Fissure sealing is another technique to protect teeth. The dentist coats a hard, adherent plastic material onto the fissured (cracked or furrowed) area of the tooth. Such areas are susceptible to decay because they harbour plaque deep in microscopic crevices in the tooth surface and are impossible to clean using a toothbrush. Teeth sealed in this way are usually the first and second molar (cheek) teeth. However there seems no reason at all why all fissured teeth should not be sealed, and encouraging results from recent studies with fissure sealants may cause this technique to become more common.
The tooth surfaces. This means brushing all tooth surfaces in as many directions as possible using a combination of movements. Horizontal scrubbing or a rotary motion is often taught but if done too hard and too repetitively may wear down the necks of the teeth, which can subsequently become temperature sensitive. Electric toothbrushes are mainly useful in making oral hygiene more ‘fun’ but they are recom-mended for people who find toothbrush manipulation difficult (the handicapped or arthritis sufferers, for example).
Denture-wearers need to take special care, not only in thoroughly cleaning their remaining natural teeth but also in their denture hygiene. Daily brushing of den-tures with a non-abrasive paste followed by an over-night soak eliminates plaque and debris and also prevents the denture material from drying out. Where the plate covers the gums and palate, the corresponding areas on the denture should be brushed as well, to prevent inflammation caused by fungal growths (’denture sore mouth’).
Children should be encouraged to brush their teeth as soon as they are able, and to regard oral hygiene as part of the daily routine. Supervise youngsters, though, to make sure they brush well and do not swallow too much paste. Just a little paste wiped on to a small brush is sufficient.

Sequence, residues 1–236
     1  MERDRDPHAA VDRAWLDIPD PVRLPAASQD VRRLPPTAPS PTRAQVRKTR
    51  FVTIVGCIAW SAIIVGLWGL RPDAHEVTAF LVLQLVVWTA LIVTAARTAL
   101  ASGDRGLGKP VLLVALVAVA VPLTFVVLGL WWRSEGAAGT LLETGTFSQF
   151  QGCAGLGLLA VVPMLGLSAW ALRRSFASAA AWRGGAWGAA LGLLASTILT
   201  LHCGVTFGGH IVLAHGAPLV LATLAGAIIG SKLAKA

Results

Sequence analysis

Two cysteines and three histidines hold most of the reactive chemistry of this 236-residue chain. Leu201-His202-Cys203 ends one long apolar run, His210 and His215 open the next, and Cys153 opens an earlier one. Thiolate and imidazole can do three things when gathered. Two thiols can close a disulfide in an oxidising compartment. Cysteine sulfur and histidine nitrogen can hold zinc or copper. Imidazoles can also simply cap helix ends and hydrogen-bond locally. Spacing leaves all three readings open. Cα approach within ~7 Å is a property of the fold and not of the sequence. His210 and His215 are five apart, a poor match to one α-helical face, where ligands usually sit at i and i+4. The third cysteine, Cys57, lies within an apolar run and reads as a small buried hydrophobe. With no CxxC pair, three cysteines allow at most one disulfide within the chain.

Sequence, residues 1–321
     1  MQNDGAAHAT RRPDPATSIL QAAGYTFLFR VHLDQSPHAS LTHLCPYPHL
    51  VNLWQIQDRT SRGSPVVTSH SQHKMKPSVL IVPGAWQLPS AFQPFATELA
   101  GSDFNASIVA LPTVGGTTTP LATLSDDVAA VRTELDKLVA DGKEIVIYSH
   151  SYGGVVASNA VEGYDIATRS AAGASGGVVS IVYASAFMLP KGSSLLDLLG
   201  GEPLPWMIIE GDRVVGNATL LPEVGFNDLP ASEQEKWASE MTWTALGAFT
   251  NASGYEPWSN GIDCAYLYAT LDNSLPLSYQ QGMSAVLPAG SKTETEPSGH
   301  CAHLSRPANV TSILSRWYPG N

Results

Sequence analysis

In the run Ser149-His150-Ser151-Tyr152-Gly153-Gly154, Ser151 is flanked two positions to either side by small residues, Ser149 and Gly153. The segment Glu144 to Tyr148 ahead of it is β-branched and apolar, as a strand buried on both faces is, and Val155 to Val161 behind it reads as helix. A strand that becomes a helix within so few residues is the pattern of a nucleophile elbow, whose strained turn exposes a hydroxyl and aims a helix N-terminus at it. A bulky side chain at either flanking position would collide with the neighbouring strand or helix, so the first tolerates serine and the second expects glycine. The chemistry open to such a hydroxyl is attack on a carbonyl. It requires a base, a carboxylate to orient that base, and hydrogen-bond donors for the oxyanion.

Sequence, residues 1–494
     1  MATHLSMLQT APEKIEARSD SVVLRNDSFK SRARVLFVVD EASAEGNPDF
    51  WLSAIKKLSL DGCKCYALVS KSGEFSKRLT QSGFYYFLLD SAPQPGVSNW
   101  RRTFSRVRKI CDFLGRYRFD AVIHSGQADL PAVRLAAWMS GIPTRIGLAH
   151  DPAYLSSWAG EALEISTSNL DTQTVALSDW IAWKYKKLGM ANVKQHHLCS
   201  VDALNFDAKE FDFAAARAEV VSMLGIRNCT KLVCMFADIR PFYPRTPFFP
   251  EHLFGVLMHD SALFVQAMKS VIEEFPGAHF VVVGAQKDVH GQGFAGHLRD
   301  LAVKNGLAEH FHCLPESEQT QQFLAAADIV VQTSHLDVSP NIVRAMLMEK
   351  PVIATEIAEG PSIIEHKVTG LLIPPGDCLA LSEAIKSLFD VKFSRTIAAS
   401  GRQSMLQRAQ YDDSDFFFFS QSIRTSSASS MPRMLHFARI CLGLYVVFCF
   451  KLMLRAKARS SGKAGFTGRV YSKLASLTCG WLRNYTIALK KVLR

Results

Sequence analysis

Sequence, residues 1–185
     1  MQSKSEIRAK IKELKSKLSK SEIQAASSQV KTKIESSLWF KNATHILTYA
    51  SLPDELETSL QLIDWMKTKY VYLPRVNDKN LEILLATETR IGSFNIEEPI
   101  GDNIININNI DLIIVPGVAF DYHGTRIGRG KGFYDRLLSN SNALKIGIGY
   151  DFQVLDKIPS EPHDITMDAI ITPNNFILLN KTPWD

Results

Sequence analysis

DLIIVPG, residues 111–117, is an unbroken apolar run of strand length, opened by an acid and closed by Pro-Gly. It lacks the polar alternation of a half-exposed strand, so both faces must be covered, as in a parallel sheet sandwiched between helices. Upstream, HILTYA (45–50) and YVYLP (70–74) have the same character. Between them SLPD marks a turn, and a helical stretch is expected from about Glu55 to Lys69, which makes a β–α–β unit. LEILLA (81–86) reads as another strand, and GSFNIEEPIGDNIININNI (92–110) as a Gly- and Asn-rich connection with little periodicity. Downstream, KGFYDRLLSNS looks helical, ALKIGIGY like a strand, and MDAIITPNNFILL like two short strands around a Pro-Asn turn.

Dental floss is used to wipe teeth surfaces free from plaque. Flossing, more than most oral hygiene techni-ques, should be learned from a dentist or dental hygienist.
Dental sticks (toothpicks) are useful for some people such as the elderly whose gum recession has left a food-stagnation area, but sticks used incorrectly can damage gums and most dentists would not recom-mend them for everyone.
The water pick is a small electrical device that pro-duces a high-pressure water jet squirted around the mouth. The result is a stimulating oral irrigation that dislodges plaque and other debris. Water picks are more popular in some countries than others, but newer models used correctly seem to give good results and they are slowly catching on. When you clean your mouth and teeth, you can check how effective your oral hygiene is by chewing disclosing tablets that stain plaque and so reveal its presence in any unclean corners.
Brushing, flossing and picking
The third procedure is plaque removal – the main aim of routine oral hygiene. Plaque-removers include toothbrushes, dental floss, dental sticks and water picks. Toothbrushing, done properly, is an efficient and effective method of plaque removal. A brush with a small head and many nylon filaments seems to be most effective. There are as many toothbrush designs as there are ways of using them.
The final facet of oral hygiene is regular visits to the dentist for check-ups, X-rays to reveal hidden decay, scaling and polishing, updates on dental hygiene technique, and treatment of decay or gum disease. Every dentist would agree that prevention is better than remedial dentistry.
But the dentist cannot be with you twenty-four hours a day; the emphasis is therefore firmly on the individ-ual to maintain his or her own healthy teeth and gums.